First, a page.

At the end of the talks, the leaders of the Democratic Republic of the Congo, Felix Tshisekedi; From Rwanda, Paul Kagame assured the press of their readiness to continue the dialogue, whose immediate step would be to hold a session of the bilateral joint committee next week, after a long period without a meeting.
According to Kagame, the meeting in Luanda was a “good start” for reaching the normalization of relations with the neighboring Democratic Republic of the Congo; “We hope to move forward” and resolve the issues on the ground, he said, and we have come to this point.
The two eminent men thanked the efforts of the Angolan head of state and government, Joao Lourenço, who is currently chairing the International Conference on the Great Lakes Region, to which the three countries belong.
According to Tshisekedi, tensions do not benefit anyone, and during today’s meeting in this capital, there were clear expressions on both sides in favor of resolving the crisis.
In this sense, he considered the necessity of restoring the broken trust between the two states and the two peoples. And also to ensure stable exchange, which is also looking at the development of the Great Lakes region.
Likewise, he highlighted his government’s decision to do everything in its power to get out of the state of internal conflict, which lasted 20 years in the Eastern Province and was exacerbated by the return of the March 23 Movement (M23), which, inherited allegations of the use of force of arms and blackmail.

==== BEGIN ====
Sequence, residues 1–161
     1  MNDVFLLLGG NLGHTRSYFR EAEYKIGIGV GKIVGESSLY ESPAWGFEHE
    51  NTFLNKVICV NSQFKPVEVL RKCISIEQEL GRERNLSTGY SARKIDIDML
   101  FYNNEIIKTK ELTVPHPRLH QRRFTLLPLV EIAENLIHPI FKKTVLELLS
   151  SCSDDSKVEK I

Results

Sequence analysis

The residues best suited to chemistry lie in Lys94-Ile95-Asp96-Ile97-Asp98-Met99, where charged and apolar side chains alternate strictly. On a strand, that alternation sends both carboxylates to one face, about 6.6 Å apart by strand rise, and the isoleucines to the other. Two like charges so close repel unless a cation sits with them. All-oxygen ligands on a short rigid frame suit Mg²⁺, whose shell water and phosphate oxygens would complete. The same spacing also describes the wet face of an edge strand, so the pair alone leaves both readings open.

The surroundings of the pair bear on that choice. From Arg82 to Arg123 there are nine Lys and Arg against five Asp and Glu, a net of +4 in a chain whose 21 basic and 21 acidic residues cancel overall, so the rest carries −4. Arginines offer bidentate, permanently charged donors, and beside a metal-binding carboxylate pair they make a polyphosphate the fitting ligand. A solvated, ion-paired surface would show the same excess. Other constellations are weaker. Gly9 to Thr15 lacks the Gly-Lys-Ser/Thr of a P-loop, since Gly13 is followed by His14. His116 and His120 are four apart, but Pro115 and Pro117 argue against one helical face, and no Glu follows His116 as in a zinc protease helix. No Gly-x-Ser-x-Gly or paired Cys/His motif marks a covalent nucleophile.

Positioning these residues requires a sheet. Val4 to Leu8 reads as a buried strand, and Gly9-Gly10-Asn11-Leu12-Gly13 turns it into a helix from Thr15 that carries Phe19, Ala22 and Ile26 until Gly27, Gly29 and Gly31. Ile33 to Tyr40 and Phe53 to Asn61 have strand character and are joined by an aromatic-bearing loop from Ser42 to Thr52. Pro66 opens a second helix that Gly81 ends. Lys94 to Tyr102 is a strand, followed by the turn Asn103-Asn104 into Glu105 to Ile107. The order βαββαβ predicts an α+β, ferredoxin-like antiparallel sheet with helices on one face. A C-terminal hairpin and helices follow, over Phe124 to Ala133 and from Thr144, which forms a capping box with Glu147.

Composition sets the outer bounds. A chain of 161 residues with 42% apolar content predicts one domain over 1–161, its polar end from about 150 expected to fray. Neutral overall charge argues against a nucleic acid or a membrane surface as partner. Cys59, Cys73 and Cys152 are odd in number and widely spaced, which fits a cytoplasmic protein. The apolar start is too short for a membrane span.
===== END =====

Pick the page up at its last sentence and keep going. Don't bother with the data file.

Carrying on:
The President said he expects the immediate withdrawal of M23 and appreciates the possibility of understanding with Rwanda. He stressed, “We do not want war or tensions” because this harms national development and the entire region.
He stressed that the mixed bilateral committee between the two governments’ delegations will meet next week in Luanda as well.
In light of the events, disagreements have recently gained strength due to mutual accusations: the authorities of the Democratic Republic of the Congo confirmed that the March 23 Movement supports Rwanda and accused the authorities of the neighboring country of occupying part of its territory.
While Nadir has repeatedly denied alleged support for M23 and condemned the DRC for supporting another armed group, the Democratic Forces for the Liberation of Rwanda, which includes leaders accused of participating in the 1994 genocide on Rwandan soil.
car / mjm
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